When Jia Lian entered the Ning Mansion, some of the stewards stepped forward with other servants to pay their respects and followed him to the hall. Jia Lian questioned them briefly for appearance’s sake, then dis­missed them and went in alone. As he and Jia Zhen were cousins and on a close footing, he was not subject to any restrictions here and did not need to wait to be announced. He went straight to the main apartment. The old woman on duty in the corridor lifted the portiere as soon as she saw him; and on entering the room he saw Second Sister sewing with two maids on the couch on the south side, but of old Mrs. You and Third Sister there was no sign. Jia Lian went forward to greet Second Sister, who asked him to take a seat, and he sat down with his back to the east partition.

After an exchange of civilities he asked, ‘Where are your mother and Third Sister? Why aren’t they here?’

‘They just went to the back for something; they’ll be here soon,’ she told him.

As the maids had gone to fetch tea and there was no one else present, Jia Lian kept darting smiling glances at Second Sister, who lowered her head to hide a smile but did not respond, and he dared not make any further advances. Seeing that she was toying with the handkerchief to which her pouch was fastened, he felt his waist as if groping for his own pouch.

‘I’ve forgotten to bring my pouch of betel-nuts,’ he said. ‘Will you let me try one of yours, sister?’

‘I have some, but I never give mine away.’

Smiling, he approached her to take one; and afraid this would look bad if someone came in, she laughingly tossed him her pouch. Having caught it he emptied it out, chose one half-eaten nut which he popped into his mouth, then pocketed all the others. He was about to return the pouch when the two maids came back with the tea. As Jia Lian sipped his tea, he surreptitiously took off a Han-Dynasty jade pendant carved with nine dragons and tied this to her handkerchief. And when both maids were looking the other way, he tossed the handkerchief back. Second Sister just let it lie and went on drinking her tea, as if she had not noticed. Then the portiere behind them swished and in came old Mrs. You and Third Sister with two young maids. With a wink Jia Lian signalled to Second Sister to pick up the handkerchief, but she simply paid no attention; and not knowing what she meant by this he felt frantic. He had to step for­ward to greet the newcomers. As he did so, he glanced back at Second Sister, who was still smiling as if nothing had happened. But looking again he noticed with relief that the handkerchief had vanished. They all sat down now and chatted for a while.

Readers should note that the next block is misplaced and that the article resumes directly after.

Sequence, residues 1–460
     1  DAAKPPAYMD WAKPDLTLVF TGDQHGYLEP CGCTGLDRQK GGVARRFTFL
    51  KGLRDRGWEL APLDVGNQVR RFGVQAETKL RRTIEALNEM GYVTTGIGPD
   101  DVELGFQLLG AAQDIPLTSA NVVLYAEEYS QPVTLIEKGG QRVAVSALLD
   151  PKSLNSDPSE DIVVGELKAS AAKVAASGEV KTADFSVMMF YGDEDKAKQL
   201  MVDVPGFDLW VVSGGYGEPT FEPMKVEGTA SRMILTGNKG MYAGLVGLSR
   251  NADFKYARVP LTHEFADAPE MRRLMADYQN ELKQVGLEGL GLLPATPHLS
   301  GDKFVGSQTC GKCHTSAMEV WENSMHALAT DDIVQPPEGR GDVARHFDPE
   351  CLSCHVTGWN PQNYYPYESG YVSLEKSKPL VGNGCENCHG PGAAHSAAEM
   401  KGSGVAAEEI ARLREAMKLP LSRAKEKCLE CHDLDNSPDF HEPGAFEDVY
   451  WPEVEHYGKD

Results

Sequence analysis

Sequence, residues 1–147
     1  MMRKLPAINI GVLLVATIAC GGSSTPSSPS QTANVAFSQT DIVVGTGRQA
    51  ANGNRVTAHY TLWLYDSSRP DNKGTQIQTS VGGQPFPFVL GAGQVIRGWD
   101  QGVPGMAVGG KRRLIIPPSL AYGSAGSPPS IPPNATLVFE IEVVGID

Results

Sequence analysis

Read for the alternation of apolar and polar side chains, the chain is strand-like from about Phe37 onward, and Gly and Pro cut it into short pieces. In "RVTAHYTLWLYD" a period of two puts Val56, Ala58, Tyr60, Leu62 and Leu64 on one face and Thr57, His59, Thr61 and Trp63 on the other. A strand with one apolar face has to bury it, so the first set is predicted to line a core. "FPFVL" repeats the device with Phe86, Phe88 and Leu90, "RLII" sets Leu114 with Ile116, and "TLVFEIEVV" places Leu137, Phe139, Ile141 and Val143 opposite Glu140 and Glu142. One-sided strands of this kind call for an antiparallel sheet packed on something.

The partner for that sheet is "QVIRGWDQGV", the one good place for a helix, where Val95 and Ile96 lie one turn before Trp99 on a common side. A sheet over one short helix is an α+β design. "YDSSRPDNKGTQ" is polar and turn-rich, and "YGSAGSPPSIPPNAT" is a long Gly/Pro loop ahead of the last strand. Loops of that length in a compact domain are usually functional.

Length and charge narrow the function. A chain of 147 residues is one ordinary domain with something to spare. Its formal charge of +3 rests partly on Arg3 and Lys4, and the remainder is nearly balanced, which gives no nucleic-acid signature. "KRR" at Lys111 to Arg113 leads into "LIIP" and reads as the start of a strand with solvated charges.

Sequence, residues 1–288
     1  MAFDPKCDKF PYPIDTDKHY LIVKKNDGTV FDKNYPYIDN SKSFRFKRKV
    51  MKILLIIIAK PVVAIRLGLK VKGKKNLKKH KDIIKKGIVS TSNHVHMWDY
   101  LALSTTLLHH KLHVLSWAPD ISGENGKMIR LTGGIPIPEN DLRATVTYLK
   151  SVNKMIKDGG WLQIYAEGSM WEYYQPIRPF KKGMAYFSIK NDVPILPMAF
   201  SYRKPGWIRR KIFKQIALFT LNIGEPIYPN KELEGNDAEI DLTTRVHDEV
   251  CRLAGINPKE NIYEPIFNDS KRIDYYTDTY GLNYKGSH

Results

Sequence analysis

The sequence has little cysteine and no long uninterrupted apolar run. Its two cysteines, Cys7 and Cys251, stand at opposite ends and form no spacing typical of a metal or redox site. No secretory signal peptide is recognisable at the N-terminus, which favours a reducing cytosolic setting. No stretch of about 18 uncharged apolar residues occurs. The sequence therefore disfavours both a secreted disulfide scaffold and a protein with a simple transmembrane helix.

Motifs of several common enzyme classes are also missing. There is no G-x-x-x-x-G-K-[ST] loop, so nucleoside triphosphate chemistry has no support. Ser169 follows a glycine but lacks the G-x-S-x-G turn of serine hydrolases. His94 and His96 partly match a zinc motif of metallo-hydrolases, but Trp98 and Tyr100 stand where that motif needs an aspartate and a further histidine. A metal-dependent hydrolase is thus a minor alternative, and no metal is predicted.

‘My sister-in-law says she gave you some silver the other day to keep for her, madam,’ said Jia Lian. ‘Today they have to settle an ac­count, so Cousin Zhen sent me to fetch it and to see if everything is all right at home.’

On hearing this old Mrs. You immediately sent Second Sister to fetch the key and get the silver.

Jia Lian went on, ‘I wanted to come anyway to pay my respects to you and see both the young ladies. It’s good of you to have come here, madam, but we’re sorry to be putting our two cousins to such trouble too.’

‘What way is that for close relatives to talk!’ she protested. ‘We’ve made ourselves at home here. The truth is, sir, that since my husband died we’ve found it hard to make ends meet, and we’ve only managed thanks to my son-in-law’s help. Now that they have their hands full, we can’t help in any other way but at least we can keep an eye on things here for them ‘ how can you talk of putting us to trouble?’

By now Second Sister had brought the silver and given it to her mother, who passed it to Jia Lian. He sent a young maid to fetch a serving-­woman.

‘Give this to Yu Lu,’ he ordered her. ‘Tell him to take it back to the other house and wait for me there.’

As the old woman assented and left, they heard Jia Rong’s voice in the courtyard; and presently in he came to pay his respects to the ladies.

‘Just now His Lordship your father was asking about you, uncle,’ he said. ‘He has some business he wants you to see to and was gong to send to the temple to fetch you, but I told him you’d be coming presently. His Lordship told me, if I met you, to ask you to hurry.’

As Jia Lian rose to leave he heard Jia Rong tell old Mrs. You, ‘The young man I told you about the other day, grandmother, the one my father has in mind for Second Aunt, has much the same features and build as this uncle of mine. How does he strike you, madam?’

As he said this he pointed slyly at Jia Lian and motioned with his lips at Second Sister. She was too embarrassed to say anything, but her sister scolded:

‘What a devilish monkey you are! Have you nothing else to talk about? Just wait, I’m going to pull out that tongue of yours.’

She ran towards him but Jia Rong had slipped out, laughing, and now Jia Lian took his leave of them with a smile. In the hall he cautioned the servants not to gamble and drink, then secretly urged Jia Rong to hurry back and take the matter up with his father. Next he took Yu Lu over to the other house to make up the sum of silver needed; and while the stew­ard went off with this he paid his respects to his father and the Lady Dowager.